Related content: Blender: A Cycles render settings guide
The other option is the real-time render engine Eevee. With Eevee we can quickly render animations and preview our scenes.
Related content: A guide to Blender Eevee render settings
For many game developers, rigging and animation are by far one of the most intimidating aspects of asset creation. Thankfully, Blender makes this process far more enjoyable and user-friendly with a variety of tools that simplify the process without losing its effectiveness.
While Blender may not be the first choice for major game titles, it is definitely a fantastic choice for any game developing team who is starting out or finding their feet in the industry.
It’s a very popular choice for countless indie developers, many of which have resulted in the creation of games and sequels that are not too far off from major titles in terms of their visual appeal and playability.
As Blender has grown in popularity and reputation, even medium game development teams have begun switching to it due to various advantages as well as the fact that it offers plenty of solutions to time-consuming tasks.
Of course, time is money, especially when creating a game that may already take months or even years to complete entirely.
Thus, the time reducing elements in Blender is certainly a beneficial aspect that is boosting its reputability in addition to the fact that it is effective in creating appealing and functional assets.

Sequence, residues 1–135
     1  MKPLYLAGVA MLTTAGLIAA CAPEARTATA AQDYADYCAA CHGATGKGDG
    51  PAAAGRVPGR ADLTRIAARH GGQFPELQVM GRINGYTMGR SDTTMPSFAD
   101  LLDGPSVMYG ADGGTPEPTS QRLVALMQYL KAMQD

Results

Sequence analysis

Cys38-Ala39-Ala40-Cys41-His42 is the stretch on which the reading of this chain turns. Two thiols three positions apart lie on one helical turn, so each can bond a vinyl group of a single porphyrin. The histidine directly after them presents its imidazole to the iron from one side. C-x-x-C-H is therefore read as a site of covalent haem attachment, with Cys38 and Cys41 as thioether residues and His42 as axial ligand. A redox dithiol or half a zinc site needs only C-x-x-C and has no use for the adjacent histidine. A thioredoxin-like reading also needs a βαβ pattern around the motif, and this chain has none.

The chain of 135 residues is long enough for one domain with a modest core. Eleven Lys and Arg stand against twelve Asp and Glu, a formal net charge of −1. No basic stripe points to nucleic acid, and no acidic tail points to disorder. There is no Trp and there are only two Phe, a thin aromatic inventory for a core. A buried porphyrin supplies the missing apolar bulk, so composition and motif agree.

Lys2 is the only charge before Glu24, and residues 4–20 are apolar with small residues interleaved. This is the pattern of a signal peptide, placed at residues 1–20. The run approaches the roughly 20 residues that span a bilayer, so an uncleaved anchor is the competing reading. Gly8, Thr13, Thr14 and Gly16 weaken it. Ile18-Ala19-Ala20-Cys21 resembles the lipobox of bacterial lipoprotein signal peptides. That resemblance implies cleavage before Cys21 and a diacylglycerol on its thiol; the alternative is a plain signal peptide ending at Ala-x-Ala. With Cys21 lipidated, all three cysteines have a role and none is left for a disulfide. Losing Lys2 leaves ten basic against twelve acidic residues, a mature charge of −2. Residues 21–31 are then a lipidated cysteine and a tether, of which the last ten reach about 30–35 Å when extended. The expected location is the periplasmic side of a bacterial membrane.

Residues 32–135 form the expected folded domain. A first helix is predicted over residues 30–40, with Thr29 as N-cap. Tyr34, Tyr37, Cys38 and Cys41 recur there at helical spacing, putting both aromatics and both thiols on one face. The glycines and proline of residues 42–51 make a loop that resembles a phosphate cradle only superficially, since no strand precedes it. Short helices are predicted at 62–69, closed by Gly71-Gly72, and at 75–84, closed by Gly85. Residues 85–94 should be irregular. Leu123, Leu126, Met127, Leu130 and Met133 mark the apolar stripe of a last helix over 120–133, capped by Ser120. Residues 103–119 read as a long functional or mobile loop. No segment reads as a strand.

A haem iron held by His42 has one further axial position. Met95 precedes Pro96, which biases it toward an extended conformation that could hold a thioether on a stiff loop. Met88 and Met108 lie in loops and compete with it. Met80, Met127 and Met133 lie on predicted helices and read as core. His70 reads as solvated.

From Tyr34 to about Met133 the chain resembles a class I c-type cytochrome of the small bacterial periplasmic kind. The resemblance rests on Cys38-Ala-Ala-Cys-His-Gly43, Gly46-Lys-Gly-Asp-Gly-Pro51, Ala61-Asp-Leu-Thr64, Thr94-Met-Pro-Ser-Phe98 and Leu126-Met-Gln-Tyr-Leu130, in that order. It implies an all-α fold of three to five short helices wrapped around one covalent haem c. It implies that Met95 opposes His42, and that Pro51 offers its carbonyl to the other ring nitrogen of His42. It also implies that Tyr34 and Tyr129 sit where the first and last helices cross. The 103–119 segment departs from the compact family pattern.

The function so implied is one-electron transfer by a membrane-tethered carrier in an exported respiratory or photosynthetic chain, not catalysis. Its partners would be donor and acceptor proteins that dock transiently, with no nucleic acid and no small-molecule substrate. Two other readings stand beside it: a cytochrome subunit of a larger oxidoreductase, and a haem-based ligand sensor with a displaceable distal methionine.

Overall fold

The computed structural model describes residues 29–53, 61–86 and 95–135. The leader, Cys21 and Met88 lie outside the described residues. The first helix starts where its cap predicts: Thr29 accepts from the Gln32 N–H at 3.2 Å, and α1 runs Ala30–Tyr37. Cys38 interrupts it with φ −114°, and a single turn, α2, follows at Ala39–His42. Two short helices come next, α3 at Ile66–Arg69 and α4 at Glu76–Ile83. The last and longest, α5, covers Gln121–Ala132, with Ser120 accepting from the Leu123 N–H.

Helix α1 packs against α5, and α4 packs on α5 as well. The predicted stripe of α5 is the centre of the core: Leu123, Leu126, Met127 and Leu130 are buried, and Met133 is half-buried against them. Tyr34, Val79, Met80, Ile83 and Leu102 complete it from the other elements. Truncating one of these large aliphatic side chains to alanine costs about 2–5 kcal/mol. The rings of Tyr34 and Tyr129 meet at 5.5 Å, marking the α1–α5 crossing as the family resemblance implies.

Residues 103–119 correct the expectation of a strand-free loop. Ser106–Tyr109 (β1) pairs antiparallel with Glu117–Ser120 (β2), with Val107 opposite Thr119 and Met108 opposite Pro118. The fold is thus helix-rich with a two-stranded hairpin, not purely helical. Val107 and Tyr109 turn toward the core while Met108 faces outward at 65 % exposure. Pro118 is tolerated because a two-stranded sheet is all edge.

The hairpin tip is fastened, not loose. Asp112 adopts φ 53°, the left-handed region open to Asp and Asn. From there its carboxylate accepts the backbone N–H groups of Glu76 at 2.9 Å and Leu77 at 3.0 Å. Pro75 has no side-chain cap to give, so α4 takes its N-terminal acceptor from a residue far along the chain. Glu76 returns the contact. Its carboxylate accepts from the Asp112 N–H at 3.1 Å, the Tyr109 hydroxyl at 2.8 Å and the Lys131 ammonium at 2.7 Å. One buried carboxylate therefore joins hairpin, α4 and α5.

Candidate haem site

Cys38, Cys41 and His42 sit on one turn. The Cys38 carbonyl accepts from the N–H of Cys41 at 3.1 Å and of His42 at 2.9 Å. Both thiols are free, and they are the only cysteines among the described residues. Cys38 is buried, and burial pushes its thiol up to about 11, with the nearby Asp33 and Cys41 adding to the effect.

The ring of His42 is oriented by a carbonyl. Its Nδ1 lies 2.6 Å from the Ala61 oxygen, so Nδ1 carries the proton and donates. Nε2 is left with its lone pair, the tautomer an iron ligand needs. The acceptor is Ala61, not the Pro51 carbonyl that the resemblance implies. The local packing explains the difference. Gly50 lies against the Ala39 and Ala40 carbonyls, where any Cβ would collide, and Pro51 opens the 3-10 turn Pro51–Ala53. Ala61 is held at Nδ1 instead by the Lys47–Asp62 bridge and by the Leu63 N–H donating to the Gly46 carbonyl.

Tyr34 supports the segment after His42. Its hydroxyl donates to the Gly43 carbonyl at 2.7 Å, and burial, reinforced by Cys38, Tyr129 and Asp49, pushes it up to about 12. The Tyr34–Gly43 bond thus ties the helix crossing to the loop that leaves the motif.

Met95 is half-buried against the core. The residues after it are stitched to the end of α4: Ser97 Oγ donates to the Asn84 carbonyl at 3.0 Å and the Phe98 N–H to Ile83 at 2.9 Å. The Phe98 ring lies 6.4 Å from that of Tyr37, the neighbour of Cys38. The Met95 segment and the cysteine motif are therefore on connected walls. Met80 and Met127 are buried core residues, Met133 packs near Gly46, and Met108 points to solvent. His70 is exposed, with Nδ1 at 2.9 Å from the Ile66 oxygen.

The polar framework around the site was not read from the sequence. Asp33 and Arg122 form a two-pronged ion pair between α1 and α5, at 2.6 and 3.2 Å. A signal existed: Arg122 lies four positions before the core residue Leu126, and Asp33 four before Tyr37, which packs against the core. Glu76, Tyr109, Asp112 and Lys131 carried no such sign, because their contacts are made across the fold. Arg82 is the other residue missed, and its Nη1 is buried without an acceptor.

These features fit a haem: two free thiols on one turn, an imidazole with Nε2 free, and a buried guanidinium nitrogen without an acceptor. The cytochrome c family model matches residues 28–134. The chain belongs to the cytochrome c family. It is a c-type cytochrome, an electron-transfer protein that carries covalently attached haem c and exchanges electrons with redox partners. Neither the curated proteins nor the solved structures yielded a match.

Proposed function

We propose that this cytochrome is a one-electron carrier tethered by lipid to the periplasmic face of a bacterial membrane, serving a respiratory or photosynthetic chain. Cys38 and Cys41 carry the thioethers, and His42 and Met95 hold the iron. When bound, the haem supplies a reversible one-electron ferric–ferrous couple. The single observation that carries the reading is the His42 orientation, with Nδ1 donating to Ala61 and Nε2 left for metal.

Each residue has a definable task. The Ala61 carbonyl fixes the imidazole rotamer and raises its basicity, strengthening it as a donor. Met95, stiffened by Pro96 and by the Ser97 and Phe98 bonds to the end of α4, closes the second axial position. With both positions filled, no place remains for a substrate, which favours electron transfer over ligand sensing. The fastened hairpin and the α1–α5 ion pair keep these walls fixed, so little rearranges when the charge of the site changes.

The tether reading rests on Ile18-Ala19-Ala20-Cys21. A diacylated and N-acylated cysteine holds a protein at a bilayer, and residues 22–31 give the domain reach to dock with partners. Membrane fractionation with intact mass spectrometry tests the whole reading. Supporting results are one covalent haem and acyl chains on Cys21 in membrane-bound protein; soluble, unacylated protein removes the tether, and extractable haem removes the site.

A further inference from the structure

In many cases, game developers utilize Blender in combination with other services and software in order to combat limitations. But, it has become quite common for teams to use Blender to create environments, assets and characters.
Blender is certainly a great choice for creating games, particularly if you are just getting your foot in the door of the gaming development industry. It is free to use, in addition to the fact that it is open-source meaning users have freedom in terms of specialization, and the community can influence Blender positively, such as by bugs being fixed quickly.
Hundreds of people are consistently tweaking Blender to improve its functionality and usability, and anyone who uses Blender will benefit from these adoptions.
In addition, Blender is compatible with Windows, Linux, and Mac, which makes it incredibly accessible to the majority of enthusiasts, and easy to use without the hassle of licenses and expenses.
While it is complex in terms of the overall interface and functionality, this can all be learned with plenty of time and practice. So, if you are an individual or small team hoping to get the feel of the process and improve your skills, Blender would be an excellent choice.
There are plenty of courses and even videos that can help users get the hang of all the tools and operations of Blender, which leaves massive room for potential and improvement over time.